A fairly obscure and self appointed philosopher* once said life is about trading the exuberance and energy of youth for Wisdom. Without debating exactly what constitutes "Wisdom," suffice it to say most would likely agree that it includes the ability to do simple arithmetic. My contribution to the mathematical arts is the inescapable calculation of 1500.
No, this isn't the mythical "42" of Douglas Adams fame, (The answer to "Life, the Universe and Everything”) or the "42" that is Jonathan Livingston Seagull's wingspan in inches. It is the result of my calculation of how much I have left in the tank. The equation goes something like this: I am in my mid 40's. With some reasonable healthcare and preventative maintenance, some good luck and fortune, it is reasonable to assume I can live to my mid 70s. That means, at approximately 50 weeks to the year (some rounding is necessary, since my Wisdom doesn't include the ability to do Really Complex Math) I've got 1500 Saturdays left. And then I'm going to be dead for a very, very long time.
Ergo, I parse out each of those 1500 Saturdays out very, very carefully.
JFK's will reportedly began with the preamble "Owing to the uncertainties in life…" Many uncertainties indeed, and in John's case, those tricky ballistics properties were chief among them. I have no idea if there is a bullet out there with my name on it. For that matter, there might already be a ticking time bomb somewhere in my genome. Who knows? About all that is certain is that the Saturdays will run out - I have a finite supply of them. My employer doesn't get them, and the cost to others is a highly negotiated provision.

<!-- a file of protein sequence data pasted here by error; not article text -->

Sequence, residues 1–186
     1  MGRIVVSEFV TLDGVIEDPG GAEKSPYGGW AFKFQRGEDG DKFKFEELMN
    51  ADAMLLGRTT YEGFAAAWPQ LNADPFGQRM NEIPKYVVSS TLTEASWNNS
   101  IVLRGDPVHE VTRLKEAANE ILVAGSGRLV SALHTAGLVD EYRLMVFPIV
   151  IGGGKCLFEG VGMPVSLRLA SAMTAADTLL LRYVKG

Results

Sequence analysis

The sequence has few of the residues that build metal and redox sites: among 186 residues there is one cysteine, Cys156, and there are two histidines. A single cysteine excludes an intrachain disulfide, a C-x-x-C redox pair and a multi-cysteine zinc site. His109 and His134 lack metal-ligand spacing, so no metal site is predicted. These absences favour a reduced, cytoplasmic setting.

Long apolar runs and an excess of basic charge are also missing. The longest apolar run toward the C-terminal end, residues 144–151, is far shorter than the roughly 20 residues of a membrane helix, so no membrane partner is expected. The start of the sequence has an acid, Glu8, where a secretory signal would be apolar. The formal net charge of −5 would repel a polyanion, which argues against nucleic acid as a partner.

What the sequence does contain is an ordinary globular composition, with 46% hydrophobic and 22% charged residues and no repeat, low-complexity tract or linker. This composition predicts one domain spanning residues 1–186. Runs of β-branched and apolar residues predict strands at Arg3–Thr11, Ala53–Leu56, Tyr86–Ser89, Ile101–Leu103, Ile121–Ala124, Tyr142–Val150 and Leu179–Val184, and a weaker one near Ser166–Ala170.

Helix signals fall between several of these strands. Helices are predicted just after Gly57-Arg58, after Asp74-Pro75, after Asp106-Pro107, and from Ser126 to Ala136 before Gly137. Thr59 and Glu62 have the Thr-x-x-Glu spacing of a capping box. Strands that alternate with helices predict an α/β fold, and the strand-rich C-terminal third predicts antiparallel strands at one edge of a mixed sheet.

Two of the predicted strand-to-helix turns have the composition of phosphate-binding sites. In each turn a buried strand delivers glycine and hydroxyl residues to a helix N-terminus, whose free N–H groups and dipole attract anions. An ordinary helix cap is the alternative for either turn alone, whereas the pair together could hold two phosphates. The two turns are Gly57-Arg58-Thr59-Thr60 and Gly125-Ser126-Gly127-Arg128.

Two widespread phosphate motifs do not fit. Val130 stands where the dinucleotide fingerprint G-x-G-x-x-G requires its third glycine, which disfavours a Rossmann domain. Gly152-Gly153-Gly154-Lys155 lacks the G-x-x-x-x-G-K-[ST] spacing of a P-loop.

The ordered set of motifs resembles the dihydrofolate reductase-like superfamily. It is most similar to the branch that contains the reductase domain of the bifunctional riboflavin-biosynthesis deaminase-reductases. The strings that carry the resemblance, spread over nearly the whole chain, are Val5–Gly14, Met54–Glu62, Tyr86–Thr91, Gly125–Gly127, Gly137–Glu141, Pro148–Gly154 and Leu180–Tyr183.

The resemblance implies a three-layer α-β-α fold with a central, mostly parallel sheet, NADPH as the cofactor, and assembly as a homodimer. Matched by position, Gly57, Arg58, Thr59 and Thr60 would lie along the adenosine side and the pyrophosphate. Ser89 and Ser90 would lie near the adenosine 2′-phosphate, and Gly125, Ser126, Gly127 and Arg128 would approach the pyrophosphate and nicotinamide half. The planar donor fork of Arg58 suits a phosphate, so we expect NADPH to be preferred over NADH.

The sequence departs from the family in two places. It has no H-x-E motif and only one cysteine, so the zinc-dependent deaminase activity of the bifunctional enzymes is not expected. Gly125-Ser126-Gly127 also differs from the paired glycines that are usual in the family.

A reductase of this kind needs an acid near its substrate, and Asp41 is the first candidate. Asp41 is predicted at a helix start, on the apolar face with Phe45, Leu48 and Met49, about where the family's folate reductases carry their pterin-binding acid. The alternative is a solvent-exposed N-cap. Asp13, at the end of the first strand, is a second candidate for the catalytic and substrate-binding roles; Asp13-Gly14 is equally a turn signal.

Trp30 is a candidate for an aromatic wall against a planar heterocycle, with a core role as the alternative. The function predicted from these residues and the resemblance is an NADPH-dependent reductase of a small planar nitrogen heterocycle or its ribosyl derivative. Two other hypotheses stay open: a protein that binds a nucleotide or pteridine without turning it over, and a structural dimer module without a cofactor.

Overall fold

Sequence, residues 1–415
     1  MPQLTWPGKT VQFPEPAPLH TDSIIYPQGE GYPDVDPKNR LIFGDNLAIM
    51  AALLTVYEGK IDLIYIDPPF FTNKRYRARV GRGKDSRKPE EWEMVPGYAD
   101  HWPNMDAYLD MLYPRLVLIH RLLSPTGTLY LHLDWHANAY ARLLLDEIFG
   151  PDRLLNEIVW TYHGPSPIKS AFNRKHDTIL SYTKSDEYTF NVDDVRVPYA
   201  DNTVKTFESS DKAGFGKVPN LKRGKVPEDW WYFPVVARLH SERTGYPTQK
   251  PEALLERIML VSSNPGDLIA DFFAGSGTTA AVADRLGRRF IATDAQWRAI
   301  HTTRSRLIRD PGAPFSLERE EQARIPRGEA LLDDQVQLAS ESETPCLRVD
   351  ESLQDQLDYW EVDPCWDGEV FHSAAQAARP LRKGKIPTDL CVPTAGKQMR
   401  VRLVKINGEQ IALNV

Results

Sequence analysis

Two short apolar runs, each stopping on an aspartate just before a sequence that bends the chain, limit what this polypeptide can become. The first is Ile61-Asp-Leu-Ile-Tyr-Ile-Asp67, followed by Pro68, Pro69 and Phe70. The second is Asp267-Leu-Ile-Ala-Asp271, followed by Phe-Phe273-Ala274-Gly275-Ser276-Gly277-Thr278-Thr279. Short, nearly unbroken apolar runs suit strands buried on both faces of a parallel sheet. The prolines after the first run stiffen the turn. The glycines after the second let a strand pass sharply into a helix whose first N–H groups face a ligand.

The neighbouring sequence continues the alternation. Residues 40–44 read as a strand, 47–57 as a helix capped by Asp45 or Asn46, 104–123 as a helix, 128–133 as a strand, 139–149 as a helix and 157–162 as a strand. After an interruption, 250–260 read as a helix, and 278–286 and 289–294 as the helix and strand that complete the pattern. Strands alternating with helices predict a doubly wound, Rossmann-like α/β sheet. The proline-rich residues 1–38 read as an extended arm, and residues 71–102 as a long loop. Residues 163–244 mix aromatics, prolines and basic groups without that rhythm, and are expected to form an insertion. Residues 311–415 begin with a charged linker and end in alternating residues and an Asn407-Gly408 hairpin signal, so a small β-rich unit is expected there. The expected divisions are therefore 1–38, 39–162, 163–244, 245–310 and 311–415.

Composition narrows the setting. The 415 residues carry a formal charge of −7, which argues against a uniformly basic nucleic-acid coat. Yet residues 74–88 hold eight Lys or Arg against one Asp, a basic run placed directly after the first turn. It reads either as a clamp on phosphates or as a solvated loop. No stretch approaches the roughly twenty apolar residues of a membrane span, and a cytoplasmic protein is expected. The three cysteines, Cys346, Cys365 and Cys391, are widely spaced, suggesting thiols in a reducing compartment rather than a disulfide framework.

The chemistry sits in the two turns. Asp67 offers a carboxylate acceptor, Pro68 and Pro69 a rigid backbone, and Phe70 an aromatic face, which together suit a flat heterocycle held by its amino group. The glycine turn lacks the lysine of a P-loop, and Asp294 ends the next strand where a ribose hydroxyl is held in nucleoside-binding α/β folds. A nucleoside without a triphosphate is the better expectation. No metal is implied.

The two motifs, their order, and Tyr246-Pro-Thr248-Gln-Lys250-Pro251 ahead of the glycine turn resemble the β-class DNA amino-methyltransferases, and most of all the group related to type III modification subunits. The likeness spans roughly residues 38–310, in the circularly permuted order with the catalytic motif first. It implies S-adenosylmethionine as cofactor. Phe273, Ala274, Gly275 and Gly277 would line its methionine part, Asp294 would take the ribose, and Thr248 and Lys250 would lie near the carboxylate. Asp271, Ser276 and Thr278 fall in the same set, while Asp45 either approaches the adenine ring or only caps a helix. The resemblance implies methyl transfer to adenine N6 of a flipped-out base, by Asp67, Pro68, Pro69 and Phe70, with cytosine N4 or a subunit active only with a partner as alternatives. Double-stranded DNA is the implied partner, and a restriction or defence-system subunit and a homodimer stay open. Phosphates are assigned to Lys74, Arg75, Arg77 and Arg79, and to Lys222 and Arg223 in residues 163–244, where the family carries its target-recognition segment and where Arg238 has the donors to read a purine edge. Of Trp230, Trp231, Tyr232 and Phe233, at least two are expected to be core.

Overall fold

What value do I place on these Saturdays? These are the times to feel uniquely human. I sense the universe about me with 5 senses. I want to involve them all. When I'm out on a bike, the sound of the wheels, the blur of the passing countryside, the quenched thirst from my sport drink bottle, the smell of trees, and the touch of my handlebars are so real, so varied, and so deep that I can't wait for the next mile, for the next sensation. My heart races, my blood pressure moves up, and I sweat. I listen to my legs, as I try to find a rhythm in pedaling efficiently. I try to heed the signals that I need fuel; need to eat or drink. I try to feel the subtle signals the bike is telling me about the road I am on, and I stay vigilant and safe, trying to be protective of those remaining 1500 Saturdays. A dog or car bolts out to remind me just how quickly that bullet can arrive or the time bomb go off, and yes, when I hit the pavement, I wonder just how close that trick of ballistics or protein trigger took me to those uncertainties. (Or that inevitable certainty, depending how you want to think about it.) A well-known and respected cyclist** once said he'd prefer to end his life after turning 100 years old - upon descending on a beautiful countryside, lie down in a field of French sunflowers, and peacefully expire. Much like life itself, being on the bike is about the journey, not the destination. I don't really need to know where the path is taking me; it is sufficient to know that I am on it.
But here's the thing: being on the bike isn't about Deep Thoughts(tm). There is an entire interconnected culture for humanity involving sport, transportation, interaction, competition, and economics. I want to leave all that behind when I'm on the bike. Those thoughts belong somewhere other than on one of my 1500 Saturdays. My 1500 Saturdays are about me, about what I feel right now, not what others are doing, what has been done to others, and any notion of right or wrong. I'll take that up on Monday. Mondays can belong to someone else. Mondays are when I can think about what the score is, how global warming is destroying humanity (and whether or not that is really a good or bad thing), what questions my students might have for me, who followed the rules, and when my credit card bill is due.
And there are only 1500 Mondays left too. That's something else I can be happy about on Saturday.
**Very much not Me. Think 7 Tours de France winner.